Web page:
Residents ask city to regulate off-campus house signs

Wednesday, February 25, 1998

OXFORD, Ohio (AP)—The longtime practice of Miami University students naming their off-campus houses is developing into a First Amendment battle.


For decades, students have posted in front of their homes signs bearing such names as “Bored of Education,” “The Playground” and “Boxed Inn.”


The monikers sometimes even appear in off-campus real-estate listings in Oxford.


But some residents say the names are getting too racy.


Specifically, some are angry with the 4-foot-wide signs that read “Butt-Ox” and “Sex on the Beech.”


Resident Sue Ann Beer, who has asked the Oxford City Council to regulate the signs, said some are too offensive for her 7-year-old son.


“If it’s not a sign that’s inherent to a business or direction, like my address or the name of my street or my name, then it shouldn’t be on the houses,” she told The Cincinnati Enquirer in a story published Tuesday.


The council wants students to remove objectionable signs voluntarily.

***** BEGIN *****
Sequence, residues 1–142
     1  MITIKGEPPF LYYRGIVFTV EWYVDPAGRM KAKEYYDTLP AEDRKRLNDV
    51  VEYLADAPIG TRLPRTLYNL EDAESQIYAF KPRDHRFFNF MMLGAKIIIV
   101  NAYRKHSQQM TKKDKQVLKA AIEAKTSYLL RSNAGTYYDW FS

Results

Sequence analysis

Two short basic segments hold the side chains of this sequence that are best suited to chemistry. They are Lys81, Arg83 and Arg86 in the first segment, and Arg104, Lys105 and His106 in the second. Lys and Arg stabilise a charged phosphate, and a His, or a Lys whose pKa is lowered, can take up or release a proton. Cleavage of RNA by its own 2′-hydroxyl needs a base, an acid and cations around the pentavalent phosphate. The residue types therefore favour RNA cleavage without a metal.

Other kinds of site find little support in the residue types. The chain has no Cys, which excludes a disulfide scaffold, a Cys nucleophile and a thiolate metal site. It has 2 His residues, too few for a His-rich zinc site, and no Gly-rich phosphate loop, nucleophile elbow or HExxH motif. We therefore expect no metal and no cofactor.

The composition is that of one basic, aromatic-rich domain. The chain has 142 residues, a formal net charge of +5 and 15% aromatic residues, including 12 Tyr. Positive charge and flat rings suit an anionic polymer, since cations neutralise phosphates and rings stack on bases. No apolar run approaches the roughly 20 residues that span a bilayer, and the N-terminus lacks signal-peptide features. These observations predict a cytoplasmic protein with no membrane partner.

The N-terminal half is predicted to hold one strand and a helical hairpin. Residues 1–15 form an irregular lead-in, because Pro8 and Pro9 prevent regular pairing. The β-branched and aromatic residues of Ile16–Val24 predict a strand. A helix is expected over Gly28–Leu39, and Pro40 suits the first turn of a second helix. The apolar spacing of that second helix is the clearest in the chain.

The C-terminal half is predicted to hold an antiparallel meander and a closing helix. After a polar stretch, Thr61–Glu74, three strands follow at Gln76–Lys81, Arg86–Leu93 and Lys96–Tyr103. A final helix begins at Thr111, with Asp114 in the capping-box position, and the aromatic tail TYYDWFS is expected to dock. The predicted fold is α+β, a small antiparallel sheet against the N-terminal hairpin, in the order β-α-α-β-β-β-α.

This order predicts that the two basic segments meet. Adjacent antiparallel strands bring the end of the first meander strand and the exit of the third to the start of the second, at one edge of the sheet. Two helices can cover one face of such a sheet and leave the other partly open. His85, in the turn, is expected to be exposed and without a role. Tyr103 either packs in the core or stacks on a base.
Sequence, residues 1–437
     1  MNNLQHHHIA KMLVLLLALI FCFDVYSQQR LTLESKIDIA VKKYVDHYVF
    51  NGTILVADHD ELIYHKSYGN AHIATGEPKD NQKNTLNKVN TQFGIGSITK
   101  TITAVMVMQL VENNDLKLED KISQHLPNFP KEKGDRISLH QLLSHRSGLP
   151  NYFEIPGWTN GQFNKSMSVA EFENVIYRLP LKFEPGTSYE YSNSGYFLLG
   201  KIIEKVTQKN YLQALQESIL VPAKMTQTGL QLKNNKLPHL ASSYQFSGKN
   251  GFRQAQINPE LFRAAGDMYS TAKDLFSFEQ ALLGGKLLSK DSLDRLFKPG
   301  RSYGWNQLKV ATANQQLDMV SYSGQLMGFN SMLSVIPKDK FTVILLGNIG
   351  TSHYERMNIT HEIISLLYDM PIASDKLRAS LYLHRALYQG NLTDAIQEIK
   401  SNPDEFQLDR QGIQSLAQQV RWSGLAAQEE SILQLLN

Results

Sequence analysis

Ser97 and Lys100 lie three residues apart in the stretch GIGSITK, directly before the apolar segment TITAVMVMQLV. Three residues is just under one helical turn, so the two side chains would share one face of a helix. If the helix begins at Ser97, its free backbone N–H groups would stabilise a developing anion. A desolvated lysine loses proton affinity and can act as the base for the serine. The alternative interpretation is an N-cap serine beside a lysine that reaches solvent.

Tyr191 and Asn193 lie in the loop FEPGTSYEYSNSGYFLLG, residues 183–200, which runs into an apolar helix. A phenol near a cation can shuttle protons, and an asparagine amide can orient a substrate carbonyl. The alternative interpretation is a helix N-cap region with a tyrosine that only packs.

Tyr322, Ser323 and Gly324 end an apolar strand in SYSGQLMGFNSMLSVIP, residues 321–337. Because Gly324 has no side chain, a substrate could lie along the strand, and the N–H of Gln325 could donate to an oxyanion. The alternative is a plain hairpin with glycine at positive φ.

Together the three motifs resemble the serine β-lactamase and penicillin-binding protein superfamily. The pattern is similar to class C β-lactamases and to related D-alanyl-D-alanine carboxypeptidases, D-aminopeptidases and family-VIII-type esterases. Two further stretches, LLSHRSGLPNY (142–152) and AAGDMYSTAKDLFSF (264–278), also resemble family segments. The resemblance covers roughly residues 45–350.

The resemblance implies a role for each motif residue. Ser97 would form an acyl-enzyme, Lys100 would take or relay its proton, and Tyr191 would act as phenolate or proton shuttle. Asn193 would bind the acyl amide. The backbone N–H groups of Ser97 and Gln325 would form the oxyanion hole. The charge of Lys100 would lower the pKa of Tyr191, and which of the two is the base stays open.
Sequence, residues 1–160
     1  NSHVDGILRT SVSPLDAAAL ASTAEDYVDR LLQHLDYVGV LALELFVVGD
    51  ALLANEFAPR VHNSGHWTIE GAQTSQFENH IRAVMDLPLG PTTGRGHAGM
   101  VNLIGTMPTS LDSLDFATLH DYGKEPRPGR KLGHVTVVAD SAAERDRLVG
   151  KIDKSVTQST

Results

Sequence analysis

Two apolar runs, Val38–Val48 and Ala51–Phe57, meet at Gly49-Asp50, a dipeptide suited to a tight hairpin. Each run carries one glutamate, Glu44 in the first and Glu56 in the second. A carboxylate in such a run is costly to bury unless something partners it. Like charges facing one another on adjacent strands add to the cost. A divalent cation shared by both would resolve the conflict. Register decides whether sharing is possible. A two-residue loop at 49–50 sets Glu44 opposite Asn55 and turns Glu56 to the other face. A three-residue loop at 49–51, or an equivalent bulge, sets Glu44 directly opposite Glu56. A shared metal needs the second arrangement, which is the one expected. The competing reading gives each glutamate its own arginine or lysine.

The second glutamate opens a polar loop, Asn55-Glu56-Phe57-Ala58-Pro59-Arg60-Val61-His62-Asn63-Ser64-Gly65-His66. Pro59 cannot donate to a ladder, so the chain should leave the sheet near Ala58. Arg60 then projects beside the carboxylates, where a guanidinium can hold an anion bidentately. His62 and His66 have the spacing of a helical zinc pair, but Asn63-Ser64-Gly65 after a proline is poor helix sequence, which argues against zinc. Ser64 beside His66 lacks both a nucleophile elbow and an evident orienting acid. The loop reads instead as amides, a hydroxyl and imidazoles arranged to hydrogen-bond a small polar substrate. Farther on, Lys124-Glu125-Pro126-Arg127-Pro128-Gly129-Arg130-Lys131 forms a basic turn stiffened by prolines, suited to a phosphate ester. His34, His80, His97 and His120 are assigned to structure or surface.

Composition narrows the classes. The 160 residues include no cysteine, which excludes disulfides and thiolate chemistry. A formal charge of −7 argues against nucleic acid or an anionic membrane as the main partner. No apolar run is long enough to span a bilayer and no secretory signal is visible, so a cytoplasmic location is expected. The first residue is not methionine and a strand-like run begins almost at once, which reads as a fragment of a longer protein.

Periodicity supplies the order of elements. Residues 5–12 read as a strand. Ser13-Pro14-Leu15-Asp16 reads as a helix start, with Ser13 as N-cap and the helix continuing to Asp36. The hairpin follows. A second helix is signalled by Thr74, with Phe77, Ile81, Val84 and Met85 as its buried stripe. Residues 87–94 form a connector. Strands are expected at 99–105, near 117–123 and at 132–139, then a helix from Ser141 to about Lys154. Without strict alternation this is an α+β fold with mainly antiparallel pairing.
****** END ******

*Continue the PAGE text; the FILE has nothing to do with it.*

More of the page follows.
“We’re hoping people will take it upon themselves to exercise good judgment,” Mayor Bill Snavely said. “If they don’t, I would not be surprised to see legislation … either regulating the content or eliminating them altogether.”


At the request of the mayor, members of Miami’s Associated Student Government recently visited homes they thought had inappropriate names and asked residents to remove the signs.


So far, their efforts have failed.


Amy Keller, a resident of “Butt-Ox,” said the signs are purely for fun and not intended to be offensive. The students understand the community’s concern—but say the signs are staying put.


“I know there are families around here … and I don’t think our sign is offensive,” she said. “I’m sorry that some people do, but I think it’s just amusing.”


Kim Gill, whose “Sex on the Beech” sign is derived from the home’s Beech Street location, said her sign was not going anywhere.


“If this city wants to pass a law in opposition to our First Amendment rights, then I’ll take my sign down, and I will hate this city even more,” she said. “But I’m not about to please this city by conforming to its definitions of appropriate until I’m forced to.”


Bob Karrow, a seven-year Oxford resident, said he didn’t want to see legislation monitoring the signs, but students should not abuse their right to free speech.


“It really trivializes the First Amendment to stand behind it for a dumb house sign,” he said.